Finally, trans fats (partially hydrogenated oils) are found in processed junk foods, fried foods, store-bought baked goods and margarine. Eating a lot of trans fats can significantly increase your risk for a host of diseases, including heart attack, stroke and Type 2 diabetes. It's recommended that you avoid trans fats entirely, so be sure to read the labels of packaged and processed foods.
Vitamins and Minerals in Your Food
According to the Academy of Nutrition and Dietetics, young men should focus on getting enough iron, calcium and vitamin D, nutrients necessary for bone health and energy production. Low-fat dairy and fish are your best sources of calcium and vitamin D, and iron is found in animal meats, beans, enriched cereals and pumpkin seeds.
Beyond that, it's not really necessary to keep track of exactly how much you get of each nutrient if you're eating a balanced diet. The definition of a balanced diet is one that provides all the vitamins and minerals necessary for good health. Choosing healthy sources of the macronutrients, making sure to eat enough fresh fruits and vegetables, whole grains, lean meats and other protein foods and low-fat dairy will ensure you get all the nutrients you need.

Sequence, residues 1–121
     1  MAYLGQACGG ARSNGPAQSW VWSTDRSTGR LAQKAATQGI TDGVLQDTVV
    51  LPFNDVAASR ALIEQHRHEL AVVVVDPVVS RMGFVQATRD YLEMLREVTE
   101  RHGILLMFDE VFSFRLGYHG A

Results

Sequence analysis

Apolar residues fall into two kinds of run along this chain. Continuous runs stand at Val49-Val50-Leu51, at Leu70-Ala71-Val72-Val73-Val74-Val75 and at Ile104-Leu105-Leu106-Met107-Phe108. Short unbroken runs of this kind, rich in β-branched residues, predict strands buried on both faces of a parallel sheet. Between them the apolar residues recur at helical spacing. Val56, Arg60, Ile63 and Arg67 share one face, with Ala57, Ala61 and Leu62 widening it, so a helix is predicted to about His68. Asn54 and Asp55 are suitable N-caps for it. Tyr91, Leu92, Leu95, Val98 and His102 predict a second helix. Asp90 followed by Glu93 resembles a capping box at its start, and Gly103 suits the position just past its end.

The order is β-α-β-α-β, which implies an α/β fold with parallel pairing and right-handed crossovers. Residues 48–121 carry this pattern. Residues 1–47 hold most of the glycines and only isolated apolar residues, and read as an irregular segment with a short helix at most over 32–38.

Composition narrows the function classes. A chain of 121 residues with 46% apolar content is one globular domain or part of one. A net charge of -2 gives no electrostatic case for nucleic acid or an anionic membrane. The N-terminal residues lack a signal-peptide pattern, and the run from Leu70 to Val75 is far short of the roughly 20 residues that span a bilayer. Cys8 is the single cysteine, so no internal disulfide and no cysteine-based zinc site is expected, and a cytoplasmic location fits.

Read more: What Are the Benefits of a Balanced Diet?
- USDA: Dietary Guidelines for Americans 2015 - 2020
- Academy of Nutrition and Dietetics: Nutrition for Young Men
- National Academy of Medicine: Dietary Reference Intakes: Macronutrients
- WebMD: How Fiber Helps Your Digestive Health
- WebMD: The Benefits of Protein
- Harvard Health Publishing: The truth about fats: the good, the bad, and the in-between
- Cleveland Clinic: Fat and Calories
- American Heart Association: Saturated Fat
- USDA: Basic Report: 05062, Chicken, broiler or fryers, breast, skinless, boneless, meat only, raw
- USDA: Basic Report: 15076, Fish, salmon, Atlantic, wild, raw
- USDA: Basic Report: 01287, Yogurt, Greek, plain, lowfat
- USDA: Basic Report: 16315, Beans, black, mature seeds, cooked, boiled, with salt
- Office of Dietary Supplements; Vitamin C; June 2011
- Office of Dietary Supplements; Vitamin A; April 2006